In this issue of Blood, Jauréguiberry et al appear to have proven that the hypothesis of early destruction of pitted erythrocytes is correct and propose a method for screening patients for this syndrome.1 Early destruction of pitted erythrocytes has been the leading hypothesis for postartesunate delayed hemolysis since it was first recognized a few years ago.
Artesunate is an artemisinin derivative, a class of potent antimalarial medicines. Oral artemisinin compounds in combination therapy and the parenteral counterparts, artesunate and artemether, have become essential tools in the treatment and control of malaria worldwide.2 Two very large multicenter prospective trials demonstrated a survival benefit with artesunate compared with the standard of care regimen for severe malaria (quinine).3,4 In fact, it was noted in those studies that artesunate was well tolerated with essentially no serious drug-related adverse effects. When unexpected brief episodes of hemolytic anemia occurring weeks after treatment of severe malaria with artesunate were reported, it was a difficult puzzle to put together.5 When the hemolytic episodes occurred, they were usually ≥1 week after the symptoms of malaria and parasitemia had resolved, so it did not seem to be a direct effect of the malaria infection. When detected and evaluated, common genetic factors and markers associated with immune-mediated hemolysis were not present. Also, the half-life of artesunate and its active metabolite is extremely short. All would have been completely eliminated from the patient by the time the hemolytic episode started, which seemed to make it unlikely that a direct effect of the medicine was the culprit. In addition, there were also reports of delayed hemolytic anemia after treatment with another artemisinin derivative, artemether, suggesting that this syndrome could occur after treatment with any of the whole class of medicines.6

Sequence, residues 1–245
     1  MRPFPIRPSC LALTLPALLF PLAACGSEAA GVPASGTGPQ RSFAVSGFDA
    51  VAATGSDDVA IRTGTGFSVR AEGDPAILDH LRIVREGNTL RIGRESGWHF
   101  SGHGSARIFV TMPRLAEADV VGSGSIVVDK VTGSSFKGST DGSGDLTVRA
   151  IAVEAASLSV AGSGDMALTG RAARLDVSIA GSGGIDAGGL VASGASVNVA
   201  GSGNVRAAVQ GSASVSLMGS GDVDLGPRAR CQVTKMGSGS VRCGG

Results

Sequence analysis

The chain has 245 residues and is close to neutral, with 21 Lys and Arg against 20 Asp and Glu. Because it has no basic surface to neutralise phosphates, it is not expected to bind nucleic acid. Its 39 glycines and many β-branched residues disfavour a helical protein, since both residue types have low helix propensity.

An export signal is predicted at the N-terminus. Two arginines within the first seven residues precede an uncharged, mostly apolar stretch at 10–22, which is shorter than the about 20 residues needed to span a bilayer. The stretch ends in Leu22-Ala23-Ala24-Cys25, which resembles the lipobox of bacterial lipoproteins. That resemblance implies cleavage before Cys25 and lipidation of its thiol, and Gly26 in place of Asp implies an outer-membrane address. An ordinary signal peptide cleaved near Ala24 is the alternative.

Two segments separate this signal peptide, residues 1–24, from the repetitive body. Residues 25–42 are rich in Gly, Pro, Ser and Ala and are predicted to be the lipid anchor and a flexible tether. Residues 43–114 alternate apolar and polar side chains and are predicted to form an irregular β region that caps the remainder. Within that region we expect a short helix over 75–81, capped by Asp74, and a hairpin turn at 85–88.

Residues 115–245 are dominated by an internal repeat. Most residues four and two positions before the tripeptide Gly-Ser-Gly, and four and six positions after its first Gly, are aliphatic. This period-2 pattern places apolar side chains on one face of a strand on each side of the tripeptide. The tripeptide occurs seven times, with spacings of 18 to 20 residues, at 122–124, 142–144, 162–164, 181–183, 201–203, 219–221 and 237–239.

It had previously been demonstrated that malaria parasites killed by artesunate are removed from erythrocytes by the spleen. These “pitted” erythrocytes (or as referred to by Jauréguiberry et al, once-infected erythrocytes [o-iE]) remain in circulation but with a considerably decreased life span of ∼7 to 21 days.7,8 Also, artemisinins were more likely than quinine to result in the creation of significant numbers of o-iEs. The presence of o-iEs immediately after treatment of severe malaria had not been associated with clinically significant sequelae, but their life cycle seemed to match well with the timeline observed in cases of postartemisinin delayed hemolysis (PADH). This led to the hypothesis for the syndrome of PADH that patients with higher initial parasitemia densities produce higher numbers of o-iEs after treatment with artemisinin drugs. When these erythrocytes with decreased lifespan are cleared en masse, it results in a brief hemolytic episode that does not recur. Jauréguiberry et al demonstrated that the kinetics of the o-iEs correlated with the PADH episodes. In addition to confirming the hypothesis, they described a potentially useful method using flow cytometry for detecting at-risk patients who can be targeted for additional follow-up. Ideally, this method (or an as-yet-undeveloped point-of-care version) will be implemented in the near future at all sites using artemsinins for the treatment of severe malaria. All at-risk patients could be screened for o-iEs immediately after initial treatment to identify impending instances of hemolytic anemia and target those patients for appropriate follow-up.